Much to my delight, Tinfoil Liquor swooped in to fill the void in my rye-soaked soul. Taking residence in Coldest, the rundown liquor store that didn’t card in high school, Tinfoil has brought an incredible selection of hand-picked / hand-made whiskeys (Noah’s Mill Bourbon is a must), incredible local craft beer, and various sundries and snacks. They were even there in my darkest hour when I needed an emergency bottle of Chartreuse while hosting a cocktail party.

To make this deal even sweeter, they have a not-so-secret deli hidden behind an “Employees Only” sign. Get a pound of their pastrami and then thank me later.

4. The Quiet Life

Longtime Highland Park denizen Andy Mueller started The Quiet Life in 1997 with nothing but a dream and a few t-shirts. Slowly, he has made the transition from burgeoning indie designer to a veritable force in the fashion scene, all the while championing his Midwest roots. Quirky designs with a sense of humor, The Quiet Life has expanded enough to open their first retail store right on Figueroa.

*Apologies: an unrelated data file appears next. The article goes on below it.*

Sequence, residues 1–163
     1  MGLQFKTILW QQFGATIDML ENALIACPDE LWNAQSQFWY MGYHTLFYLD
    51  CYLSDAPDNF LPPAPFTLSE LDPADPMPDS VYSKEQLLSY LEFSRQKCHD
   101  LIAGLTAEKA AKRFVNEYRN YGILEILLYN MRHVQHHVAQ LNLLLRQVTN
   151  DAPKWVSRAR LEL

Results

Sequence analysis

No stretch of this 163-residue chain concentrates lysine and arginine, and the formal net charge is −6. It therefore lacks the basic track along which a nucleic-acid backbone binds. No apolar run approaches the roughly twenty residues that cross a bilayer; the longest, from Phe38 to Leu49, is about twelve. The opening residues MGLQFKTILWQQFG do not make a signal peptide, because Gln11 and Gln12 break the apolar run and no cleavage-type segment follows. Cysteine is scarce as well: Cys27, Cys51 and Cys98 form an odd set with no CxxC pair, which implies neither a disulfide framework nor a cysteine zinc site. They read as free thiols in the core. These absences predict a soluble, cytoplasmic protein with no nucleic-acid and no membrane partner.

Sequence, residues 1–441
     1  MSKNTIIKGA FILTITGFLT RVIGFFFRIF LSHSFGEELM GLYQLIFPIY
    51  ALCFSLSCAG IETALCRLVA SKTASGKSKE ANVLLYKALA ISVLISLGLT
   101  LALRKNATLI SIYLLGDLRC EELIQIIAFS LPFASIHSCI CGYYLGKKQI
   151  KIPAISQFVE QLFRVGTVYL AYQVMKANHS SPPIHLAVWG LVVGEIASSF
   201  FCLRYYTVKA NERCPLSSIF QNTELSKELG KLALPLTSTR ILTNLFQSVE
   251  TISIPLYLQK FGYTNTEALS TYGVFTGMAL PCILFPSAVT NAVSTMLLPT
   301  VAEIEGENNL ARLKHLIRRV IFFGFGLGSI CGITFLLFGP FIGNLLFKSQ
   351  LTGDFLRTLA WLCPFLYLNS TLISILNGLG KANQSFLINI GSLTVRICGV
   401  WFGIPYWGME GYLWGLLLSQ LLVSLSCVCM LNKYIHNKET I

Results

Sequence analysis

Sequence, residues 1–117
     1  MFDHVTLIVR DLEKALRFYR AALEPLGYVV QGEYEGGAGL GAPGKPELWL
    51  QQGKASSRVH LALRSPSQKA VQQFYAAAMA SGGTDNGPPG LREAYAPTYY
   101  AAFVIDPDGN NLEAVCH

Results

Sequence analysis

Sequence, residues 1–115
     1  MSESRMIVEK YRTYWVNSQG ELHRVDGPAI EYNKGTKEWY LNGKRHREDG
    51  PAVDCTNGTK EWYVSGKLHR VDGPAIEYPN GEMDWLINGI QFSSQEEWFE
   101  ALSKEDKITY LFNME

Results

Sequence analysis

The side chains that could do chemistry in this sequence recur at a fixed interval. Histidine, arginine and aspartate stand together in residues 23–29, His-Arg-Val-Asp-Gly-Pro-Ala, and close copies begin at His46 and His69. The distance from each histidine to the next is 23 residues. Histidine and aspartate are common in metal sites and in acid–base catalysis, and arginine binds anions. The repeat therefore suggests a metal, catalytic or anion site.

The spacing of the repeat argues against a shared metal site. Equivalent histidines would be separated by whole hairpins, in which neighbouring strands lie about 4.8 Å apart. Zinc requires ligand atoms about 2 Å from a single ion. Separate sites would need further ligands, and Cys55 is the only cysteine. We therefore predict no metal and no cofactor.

Inside, you’ll find all the dad hats, printed t-shirts, and interesting collaborations you could hope for, as well as a healthy collection of enamel pins and patterned socks. There are also amazing little details, like the screen-printed drop cloth that was used during painting that has been repurposed into cozy couch cushions.

As a brand, The Quiet Life has always been one of my underdog favorites, and as a person, Andy comes second to none. Check out their store and if nothing else, get yourself a Highland Park pennant so the world knows you’re rooting for the home team.

The Miss

5. Triple Beam Pizza